Ernst Haas bought his first camera in 1946 on the Viennese black market, exchanging the 10 kilograms of margarine he had been given for his 25th birthday for a 35 mm Rolleiflex. His medical studies had been interrupted during the war, so he had been working on and off in a photographers’ studio. His first published photo-story, Homecoming Prisoners of War, marked a turning point in his career. It was taken with his new camera in 1946 and published in Heute magazine in 1949. When this piece was taken up by Life magazine, Haas became the first photographer to be asked to join Magnum, an invitation that he accepted.

The following year Haas started to experiment with colour film. He played a pivotal role in the development of colour photography and in 1953 Life magazine devoted an unprecedented 24 pages to his first published colour essay, ‘Shots of a Magic City’, taken in New York. Haas went on to produce colour essays for magazines during the 1950s and 1960s, including features on Paris, Venice and England. From the mid 1950s he also started to investigate the semi-abstract depiction of movement. In 1958 readers of Popular Photography voted Haas one of the ‘World’s Ten Greatest Photographers’.

Philippe Halsman

Born Riga, Latvia, 1906, died New York 1979

Philippe Halsman studied engineering in Dresden before moving to Paris to open a photographic portrait studio in 1932. There he photographed public figures including politicians, intellectuals and actors. When Paris fell to the Nazi forces in 1940, Halsman fled to America.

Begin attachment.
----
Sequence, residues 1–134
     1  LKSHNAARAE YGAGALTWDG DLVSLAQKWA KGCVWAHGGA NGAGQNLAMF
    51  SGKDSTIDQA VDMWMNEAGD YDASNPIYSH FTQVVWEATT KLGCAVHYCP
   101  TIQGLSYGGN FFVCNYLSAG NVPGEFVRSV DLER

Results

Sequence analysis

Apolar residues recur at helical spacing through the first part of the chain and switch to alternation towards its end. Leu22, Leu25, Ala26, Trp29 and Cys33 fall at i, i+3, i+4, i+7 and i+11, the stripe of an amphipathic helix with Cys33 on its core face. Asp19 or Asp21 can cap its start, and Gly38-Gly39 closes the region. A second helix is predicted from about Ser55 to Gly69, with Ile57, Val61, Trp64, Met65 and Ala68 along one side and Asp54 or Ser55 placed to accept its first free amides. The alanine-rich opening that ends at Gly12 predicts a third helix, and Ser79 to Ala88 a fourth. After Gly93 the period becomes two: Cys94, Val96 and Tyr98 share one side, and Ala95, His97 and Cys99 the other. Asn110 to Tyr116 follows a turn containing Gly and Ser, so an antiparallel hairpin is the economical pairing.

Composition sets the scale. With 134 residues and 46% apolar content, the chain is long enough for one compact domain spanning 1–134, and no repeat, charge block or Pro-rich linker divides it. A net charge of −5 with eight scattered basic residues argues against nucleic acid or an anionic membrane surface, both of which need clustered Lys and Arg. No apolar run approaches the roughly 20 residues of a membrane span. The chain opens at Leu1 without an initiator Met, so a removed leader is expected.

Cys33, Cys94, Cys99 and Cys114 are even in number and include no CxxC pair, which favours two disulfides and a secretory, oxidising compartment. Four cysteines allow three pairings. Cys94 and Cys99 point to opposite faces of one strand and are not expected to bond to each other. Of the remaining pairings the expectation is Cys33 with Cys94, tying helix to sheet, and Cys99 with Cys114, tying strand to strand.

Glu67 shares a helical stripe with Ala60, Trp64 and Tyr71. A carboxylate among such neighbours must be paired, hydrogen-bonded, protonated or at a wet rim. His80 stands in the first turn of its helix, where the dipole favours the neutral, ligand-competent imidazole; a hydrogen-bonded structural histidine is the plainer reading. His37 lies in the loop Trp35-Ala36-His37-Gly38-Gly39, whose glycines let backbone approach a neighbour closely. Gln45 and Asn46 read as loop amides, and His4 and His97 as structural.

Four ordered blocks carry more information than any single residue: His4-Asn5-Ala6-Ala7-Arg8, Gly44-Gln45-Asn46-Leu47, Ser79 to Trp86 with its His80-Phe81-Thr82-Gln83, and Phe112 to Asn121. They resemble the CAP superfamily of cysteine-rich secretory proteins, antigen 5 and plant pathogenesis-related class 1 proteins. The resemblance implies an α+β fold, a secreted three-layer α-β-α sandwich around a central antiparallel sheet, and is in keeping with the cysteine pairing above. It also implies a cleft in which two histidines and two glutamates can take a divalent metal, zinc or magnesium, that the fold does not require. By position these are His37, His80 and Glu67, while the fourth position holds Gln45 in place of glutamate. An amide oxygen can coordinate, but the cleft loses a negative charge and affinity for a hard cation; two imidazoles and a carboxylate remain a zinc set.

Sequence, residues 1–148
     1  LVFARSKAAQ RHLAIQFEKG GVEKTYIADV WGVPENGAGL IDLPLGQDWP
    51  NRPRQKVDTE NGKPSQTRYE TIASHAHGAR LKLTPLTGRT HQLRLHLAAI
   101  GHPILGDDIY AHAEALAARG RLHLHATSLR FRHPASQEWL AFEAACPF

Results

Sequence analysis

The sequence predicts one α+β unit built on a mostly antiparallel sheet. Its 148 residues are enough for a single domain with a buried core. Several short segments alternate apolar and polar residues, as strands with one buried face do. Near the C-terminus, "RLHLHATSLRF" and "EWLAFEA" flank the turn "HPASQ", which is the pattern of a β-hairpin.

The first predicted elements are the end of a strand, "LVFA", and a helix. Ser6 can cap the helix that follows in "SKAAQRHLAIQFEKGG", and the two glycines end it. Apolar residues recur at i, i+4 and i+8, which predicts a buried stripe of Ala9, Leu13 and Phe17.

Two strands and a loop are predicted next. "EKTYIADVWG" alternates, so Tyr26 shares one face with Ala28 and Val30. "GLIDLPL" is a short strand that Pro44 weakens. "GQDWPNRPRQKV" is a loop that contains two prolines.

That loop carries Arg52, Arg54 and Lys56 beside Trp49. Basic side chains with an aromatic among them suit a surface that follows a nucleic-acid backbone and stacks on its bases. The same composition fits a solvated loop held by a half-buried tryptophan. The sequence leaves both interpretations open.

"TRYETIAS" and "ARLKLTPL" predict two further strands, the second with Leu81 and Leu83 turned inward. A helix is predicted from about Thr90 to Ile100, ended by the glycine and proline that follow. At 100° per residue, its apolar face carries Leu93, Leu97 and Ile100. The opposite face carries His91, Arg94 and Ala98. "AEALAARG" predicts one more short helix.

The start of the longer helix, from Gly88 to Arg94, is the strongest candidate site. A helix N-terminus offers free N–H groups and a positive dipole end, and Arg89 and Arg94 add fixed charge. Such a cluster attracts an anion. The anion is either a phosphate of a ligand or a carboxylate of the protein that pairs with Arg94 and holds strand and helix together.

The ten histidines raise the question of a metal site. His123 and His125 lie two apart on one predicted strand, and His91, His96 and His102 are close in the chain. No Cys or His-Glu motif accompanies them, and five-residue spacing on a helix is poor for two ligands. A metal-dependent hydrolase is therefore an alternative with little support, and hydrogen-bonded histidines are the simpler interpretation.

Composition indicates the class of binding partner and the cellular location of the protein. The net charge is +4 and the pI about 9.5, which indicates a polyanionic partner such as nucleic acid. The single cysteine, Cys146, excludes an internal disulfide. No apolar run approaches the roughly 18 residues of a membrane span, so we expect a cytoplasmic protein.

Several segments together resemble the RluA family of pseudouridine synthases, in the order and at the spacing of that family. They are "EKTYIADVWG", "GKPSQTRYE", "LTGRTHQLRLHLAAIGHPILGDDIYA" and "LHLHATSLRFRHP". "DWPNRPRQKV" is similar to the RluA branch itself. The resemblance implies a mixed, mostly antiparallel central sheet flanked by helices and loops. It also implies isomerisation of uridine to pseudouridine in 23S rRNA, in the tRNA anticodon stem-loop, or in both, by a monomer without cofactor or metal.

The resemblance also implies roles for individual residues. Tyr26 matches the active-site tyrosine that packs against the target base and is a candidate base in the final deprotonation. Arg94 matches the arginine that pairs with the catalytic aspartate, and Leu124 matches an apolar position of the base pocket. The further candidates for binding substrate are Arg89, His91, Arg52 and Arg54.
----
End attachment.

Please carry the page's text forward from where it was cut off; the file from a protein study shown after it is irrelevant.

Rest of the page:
He received his first commission for Life magazine in 1942 and went on to produce over one hundred magazine covers between 1942 and 1971. Halsman’s sitters included film stars and celebrities such as Elizabeth Taylor and Marilyn Monroe and artists such as Henri Matisse, Salvador Dali and Georgia O’Keefe. He stated that the ‘fascination with the human face has never left me…every face I see seems to hide and sometimes, fleetingly, to reveal the mystery of another human being…capturing this revelation became the goal and passion of my life’.

His work is, at times, saturated with humour. In the 1950s he produced a series of ‘jump’ photographs, capturing his sitters – including figures such Richard Nixon, vice-president at the time – mid air. Halsman claimed that these photographs, usually taken at the end of a portrait sitting, revealed the real character of the celebrity.